- How To's & Quick Tips >
- How To: Tie Dye
How To: Tie Dye
Brighten any basic white T-shirt with one of three tie-dye techniques using our step-by-step guide.
A staple of summer camp (and of America in the late ’60s), tie dye entertains and engages the young and young-at-heart. Whether you’re leading an activity for kids at a slumber party or making a batch of matching shirts for the family reunion, you’ll enjoy not only the kaleidoscopic colors of the final result, but also the process itself—this is fun stuff! And perhaps the best part is that in tie dyeing, you can’t really make a mistake. Anything goes (just about). Now how ’60s is that?
Step 1: Gather the materials.
White T-shirts are best for beginners. For better dyeing quality, work with 100 percent cotton. You will also need a fabric dye kit, soda ash (if not included in the kit), rubber gloves, tubs, spoon, plastic table cloth, rubber bands and glass marbles. You’ll also need squeeze bottles with nozzles, if you plan to jump head first into multicolor dye projects—and we wholeheartedly recommend that you do!
Step 2: Set up your station.
Minimize mess by covering your work station in plastic—a disposable plastic tablecloth would work nicely. Meanwhile, gear up in clothes you wouldn’t mind getting splashed. Wearing rubber gloves, mix one cup of soda ash and one gallon of warm water in a bucket. (This should be enough to pre-treat up to 12 adult shirts.) In separate buckets, mix up each of the colors, according to the instructions on the dye packaging. Bear in mind that the dye can stain a plastic bucket, so you may wish to use an enamel or glass container. For a lighter, somewhat faded end result, add more water than the amount stipulated in the instructions.
Step 3: Pick your pattern.
Using rubber bands, you can experiment and achieve several designs on your shirt. Of course, there’s a degree of randomness and chance to these designs. For many, that’s the appeal of tie dyeing. But if you’d like more control over the look of your shirt, skip to Step 4. Otherwise, keep the following techniques in mind:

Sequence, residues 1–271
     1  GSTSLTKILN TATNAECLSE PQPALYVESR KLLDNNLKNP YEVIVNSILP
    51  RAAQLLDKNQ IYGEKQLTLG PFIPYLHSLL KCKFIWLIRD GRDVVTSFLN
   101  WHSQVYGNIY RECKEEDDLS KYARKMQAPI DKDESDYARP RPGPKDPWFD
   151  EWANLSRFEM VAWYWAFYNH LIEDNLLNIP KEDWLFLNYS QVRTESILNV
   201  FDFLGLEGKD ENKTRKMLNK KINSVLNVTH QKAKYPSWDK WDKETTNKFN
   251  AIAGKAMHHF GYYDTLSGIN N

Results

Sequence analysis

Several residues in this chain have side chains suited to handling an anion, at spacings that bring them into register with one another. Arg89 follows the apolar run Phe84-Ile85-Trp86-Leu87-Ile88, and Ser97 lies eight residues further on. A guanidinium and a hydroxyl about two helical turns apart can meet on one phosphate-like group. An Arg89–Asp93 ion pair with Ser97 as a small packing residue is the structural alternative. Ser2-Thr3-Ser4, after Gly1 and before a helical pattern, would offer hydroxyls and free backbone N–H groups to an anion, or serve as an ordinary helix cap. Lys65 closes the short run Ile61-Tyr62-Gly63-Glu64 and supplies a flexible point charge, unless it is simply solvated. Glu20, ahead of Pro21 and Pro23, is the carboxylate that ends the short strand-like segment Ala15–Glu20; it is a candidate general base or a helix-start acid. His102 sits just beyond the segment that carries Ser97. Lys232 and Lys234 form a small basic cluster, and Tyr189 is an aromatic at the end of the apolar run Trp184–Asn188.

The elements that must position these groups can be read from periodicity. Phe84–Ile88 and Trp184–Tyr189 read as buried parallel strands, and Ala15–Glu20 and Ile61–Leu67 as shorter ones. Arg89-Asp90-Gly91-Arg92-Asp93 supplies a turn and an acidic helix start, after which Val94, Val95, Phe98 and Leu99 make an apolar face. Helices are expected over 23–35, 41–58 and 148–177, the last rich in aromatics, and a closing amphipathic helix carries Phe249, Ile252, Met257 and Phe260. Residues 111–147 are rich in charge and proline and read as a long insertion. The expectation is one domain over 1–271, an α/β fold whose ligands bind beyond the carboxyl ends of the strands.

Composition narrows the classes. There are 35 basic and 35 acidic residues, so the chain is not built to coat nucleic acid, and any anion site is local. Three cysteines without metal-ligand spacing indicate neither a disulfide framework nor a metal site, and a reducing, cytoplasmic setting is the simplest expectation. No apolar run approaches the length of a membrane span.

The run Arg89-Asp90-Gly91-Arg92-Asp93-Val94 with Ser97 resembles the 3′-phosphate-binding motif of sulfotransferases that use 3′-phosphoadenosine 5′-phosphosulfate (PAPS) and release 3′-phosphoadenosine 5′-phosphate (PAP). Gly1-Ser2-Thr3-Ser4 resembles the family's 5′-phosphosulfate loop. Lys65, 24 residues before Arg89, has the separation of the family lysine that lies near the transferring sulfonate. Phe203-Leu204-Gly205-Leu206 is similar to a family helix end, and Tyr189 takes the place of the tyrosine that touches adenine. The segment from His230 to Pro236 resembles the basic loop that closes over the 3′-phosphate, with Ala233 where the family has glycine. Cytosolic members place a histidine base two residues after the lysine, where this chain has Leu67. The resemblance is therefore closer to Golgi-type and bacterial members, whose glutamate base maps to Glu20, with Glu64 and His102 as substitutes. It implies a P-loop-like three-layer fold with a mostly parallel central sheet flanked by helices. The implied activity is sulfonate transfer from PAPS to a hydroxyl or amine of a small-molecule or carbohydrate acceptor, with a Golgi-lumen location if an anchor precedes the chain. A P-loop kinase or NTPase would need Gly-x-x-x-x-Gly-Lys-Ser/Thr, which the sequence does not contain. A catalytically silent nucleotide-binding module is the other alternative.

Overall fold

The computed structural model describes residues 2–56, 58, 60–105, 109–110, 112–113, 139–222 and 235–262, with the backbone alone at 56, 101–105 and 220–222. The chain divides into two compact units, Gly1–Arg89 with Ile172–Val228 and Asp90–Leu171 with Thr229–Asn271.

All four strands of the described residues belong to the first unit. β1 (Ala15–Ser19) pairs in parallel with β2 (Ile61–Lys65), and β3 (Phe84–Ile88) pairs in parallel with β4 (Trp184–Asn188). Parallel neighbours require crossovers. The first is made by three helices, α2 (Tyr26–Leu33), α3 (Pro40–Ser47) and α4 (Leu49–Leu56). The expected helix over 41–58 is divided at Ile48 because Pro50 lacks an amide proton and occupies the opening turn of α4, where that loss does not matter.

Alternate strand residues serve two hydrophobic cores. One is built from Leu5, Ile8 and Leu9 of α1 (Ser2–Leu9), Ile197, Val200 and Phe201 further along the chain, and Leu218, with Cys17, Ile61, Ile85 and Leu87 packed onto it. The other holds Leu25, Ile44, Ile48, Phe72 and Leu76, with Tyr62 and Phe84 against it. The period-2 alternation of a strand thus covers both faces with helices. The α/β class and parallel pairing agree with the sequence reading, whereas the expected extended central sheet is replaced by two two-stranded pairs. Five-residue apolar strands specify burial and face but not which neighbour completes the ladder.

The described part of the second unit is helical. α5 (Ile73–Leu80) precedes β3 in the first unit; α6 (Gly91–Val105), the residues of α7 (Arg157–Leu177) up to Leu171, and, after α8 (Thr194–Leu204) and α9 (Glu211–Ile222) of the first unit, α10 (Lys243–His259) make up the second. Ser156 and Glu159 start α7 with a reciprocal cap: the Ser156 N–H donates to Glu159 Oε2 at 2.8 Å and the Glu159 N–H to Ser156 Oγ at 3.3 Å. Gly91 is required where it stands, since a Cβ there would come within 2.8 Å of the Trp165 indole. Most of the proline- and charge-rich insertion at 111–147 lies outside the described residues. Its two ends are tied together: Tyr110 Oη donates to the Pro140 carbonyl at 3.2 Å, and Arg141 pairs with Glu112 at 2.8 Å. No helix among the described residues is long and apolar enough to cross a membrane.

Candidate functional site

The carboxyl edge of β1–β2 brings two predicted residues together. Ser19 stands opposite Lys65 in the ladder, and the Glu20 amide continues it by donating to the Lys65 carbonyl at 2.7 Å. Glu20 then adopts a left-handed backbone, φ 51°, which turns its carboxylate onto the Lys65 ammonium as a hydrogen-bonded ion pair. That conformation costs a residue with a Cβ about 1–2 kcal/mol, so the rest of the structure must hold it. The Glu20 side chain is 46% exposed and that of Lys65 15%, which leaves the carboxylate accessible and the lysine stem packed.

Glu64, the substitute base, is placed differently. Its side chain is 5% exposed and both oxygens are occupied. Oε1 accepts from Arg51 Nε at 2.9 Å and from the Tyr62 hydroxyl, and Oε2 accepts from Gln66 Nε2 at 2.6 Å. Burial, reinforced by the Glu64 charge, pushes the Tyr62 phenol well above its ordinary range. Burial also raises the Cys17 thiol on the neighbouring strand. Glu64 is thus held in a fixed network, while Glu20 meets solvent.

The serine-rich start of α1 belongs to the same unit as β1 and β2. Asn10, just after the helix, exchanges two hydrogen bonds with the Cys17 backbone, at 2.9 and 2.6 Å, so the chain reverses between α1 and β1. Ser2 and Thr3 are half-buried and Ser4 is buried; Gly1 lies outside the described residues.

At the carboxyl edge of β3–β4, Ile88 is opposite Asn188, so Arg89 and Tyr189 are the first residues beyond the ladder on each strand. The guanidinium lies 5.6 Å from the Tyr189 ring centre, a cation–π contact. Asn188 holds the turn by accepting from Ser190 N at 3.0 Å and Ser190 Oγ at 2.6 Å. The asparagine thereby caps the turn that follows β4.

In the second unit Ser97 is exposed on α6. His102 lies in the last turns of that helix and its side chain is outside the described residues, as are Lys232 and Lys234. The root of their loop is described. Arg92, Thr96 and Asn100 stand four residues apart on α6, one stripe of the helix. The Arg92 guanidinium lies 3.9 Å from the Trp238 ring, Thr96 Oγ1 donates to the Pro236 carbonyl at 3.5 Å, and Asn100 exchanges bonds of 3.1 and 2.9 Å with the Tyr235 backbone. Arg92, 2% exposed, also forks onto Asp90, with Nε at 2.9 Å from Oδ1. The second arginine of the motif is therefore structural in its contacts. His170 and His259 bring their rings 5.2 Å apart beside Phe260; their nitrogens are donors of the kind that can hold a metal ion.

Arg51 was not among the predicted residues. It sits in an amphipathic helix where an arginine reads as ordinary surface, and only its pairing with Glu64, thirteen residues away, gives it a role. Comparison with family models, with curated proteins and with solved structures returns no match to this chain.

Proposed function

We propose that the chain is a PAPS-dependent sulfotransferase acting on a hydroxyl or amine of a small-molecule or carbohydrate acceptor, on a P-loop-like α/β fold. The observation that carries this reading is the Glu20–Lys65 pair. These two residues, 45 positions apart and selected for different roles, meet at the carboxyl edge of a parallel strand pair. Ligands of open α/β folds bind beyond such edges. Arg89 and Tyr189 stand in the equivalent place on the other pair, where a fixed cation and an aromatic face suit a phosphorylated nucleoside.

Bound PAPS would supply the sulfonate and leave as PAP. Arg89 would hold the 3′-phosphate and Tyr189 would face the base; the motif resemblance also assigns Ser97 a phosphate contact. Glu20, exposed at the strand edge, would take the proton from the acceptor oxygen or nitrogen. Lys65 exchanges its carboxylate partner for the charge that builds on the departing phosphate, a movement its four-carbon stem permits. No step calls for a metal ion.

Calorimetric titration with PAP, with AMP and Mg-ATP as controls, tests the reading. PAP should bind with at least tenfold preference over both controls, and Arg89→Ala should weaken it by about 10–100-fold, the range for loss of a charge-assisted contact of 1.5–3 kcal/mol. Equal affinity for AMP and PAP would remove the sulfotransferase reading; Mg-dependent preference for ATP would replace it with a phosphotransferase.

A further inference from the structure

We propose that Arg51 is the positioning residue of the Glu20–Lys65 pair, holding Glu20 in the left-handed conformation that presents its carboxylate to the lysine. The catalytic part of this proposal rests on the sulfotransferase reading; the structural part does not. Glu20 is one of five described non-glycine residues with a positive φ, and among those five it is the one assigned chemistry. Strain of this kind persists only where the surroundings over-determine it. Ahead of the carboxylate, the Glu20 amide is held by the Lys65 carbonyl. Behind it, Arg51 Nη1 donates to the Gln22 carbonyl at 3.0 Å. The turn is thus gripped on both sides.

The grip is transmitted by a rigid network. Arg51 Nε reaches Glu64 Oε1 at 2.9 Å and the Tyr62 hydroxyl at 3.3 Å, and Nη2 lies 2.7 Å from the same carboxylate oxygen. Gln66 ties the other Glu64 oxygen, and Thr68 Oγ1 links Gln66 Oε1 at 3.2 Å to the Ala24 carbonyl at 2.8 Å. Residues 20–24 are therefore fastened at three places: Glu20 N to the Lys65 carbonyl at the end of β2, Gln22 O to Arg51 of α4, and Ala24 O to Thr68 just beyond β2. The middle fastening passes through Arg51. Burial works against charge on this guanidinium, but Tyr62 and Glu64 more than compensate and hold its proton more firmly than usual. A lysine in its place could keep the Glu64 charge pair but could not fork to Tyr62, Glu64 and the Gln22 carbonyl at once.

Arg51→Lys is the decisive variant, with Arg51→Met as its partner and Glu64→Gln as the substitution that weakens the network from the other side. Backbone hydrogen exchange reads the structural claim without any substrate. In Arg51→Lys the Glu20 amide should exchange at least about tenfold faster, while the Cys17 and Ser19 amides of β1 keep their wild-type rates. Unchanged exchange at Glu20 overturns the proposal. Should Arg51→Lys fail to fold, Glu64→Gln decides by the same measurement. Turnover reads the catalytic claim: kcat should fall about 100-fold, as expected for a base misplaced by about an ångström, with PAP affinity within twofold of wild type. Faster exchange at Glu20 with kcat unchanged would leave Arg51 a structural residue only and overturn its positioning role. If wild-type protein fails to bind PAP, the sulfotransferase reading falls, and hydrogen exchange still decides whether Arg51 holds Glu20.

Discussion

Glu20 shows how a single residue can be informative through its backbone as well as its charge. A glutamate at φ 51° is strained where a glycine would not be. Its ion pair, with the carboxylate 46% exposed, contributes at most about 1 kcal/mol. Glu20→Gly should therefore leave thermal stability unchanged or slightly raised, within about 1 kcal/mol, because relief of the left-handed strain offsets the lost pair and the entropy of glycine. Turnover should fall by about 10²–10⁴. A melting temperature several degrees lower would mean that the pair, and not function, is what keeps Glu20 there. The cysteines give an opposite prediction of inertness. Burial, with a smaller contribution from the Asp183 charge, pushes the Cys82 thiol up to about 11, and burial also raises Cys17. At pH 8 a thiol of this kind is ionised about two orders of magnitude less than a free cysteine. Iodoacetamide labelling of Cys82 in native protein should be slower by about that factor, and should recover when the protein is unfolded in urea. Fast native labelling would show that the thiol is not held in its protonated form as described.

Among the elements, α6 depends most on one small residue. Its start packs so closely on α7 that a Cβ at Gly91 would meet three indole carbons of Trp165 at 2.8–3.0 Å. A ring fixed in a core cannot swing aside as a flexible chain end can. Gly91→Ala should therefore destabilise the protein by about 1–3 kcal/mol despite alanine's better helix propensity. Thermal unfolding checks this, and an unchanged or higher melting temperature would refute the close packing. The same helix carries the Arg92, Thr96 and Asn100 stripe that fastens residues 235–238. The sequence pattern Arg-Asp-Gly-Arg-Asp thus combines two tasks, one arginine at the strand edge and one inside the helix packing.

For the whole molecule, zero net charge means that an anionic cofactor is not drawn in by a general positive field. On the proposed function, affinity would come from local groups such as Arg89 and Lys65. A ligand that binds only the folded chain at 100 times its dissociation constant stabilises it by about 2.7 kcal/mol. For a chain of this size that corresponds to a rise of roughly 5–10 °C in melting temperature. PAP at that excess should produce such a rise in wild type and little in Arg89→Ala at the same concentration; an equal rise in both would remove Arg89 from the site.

Lay your wet shirt on a smooth, flat surface. Pinch the cloth where you’d want the center of the circle to be, then slip a marble behind the shirt to that point. Tie a rubber band to secure the cloth around it. Add another marble behind the first, wrap a rubber band around it, and continue to do so until you have a string of marbles separated by rubber bands. When dyed, the bands will leave large white circles on the newly colored background. For smaller circles scattered on your T-shirt, tie marbles in clusters side-by-side rather than one beside the other.
Roll a wet shirt tightly into a tube. If you want horizontal stripes, roll the shirt side to side; for vertical stripes, roll from bottom to top. Place rubber bands around the wrap, spacing the bands at equal intervals. Once the shirt has been dyed, these bands will produce white stripes.
Place your finger in the center of the flat, wet T-shirt. Rotate the shirt clockwise, keeping your finger still so that the shirt twists around it like a pinwheel. When the whole shirt is tightly spiraled into a disc shape, remove your finger and carefully wrap three to four rubber bands over the shirt so that they cross like a starburst in the center.
Step 4: Soak your shirt.
Wearing gloves, stick your shirt into the solution of soda ash and warm water and let it soak for ten to 15 minutes. Doing so helps the dye cling to the fibers. After you remove the shirt, wring out any excess water, so it’s damp but not dripping.
Step 5: Get colorful.
If you are dyeing a shirt with a single color, the easiest method is to dip dye it. Fill a bucket with the dye you’ve mixed, then dunk the shirt in, making sure the fabric is completely submerged. Leave the shirt in the bucket for as long as the instructions specify, anywhere from ten to 30 minutes. The longer the shirt soaks, the deeper the color is going to be.
If you are creating a multicolored pattern, take the colors you’ve mixed and pour them into squeeze bottles. Place your white shirt on the plastic-covered work station, then squirt colors from the different bottles onto different parts of the shirt (flip the shirt over and add color to the back, too). When you’re finished, cover the garment in plastic wrap to keep it moist for as long as the instructions recommend.
Step 6: Rinse and roll out.
When soak time is up, rinse the cloth of excess dye, first in warm water, then gradually in cool water. Repeat until the water runs clear. Finally, unveil your masterpiece (if you used rubber bands, now is the time to take them off). The first time you wash the shirt, remember to put it in the machine on its own. That way, you can avoid any accidents. Dry the shirt on the dryer’s coolest setting. Or opt to air dry—somehow that seems most appropriate, no?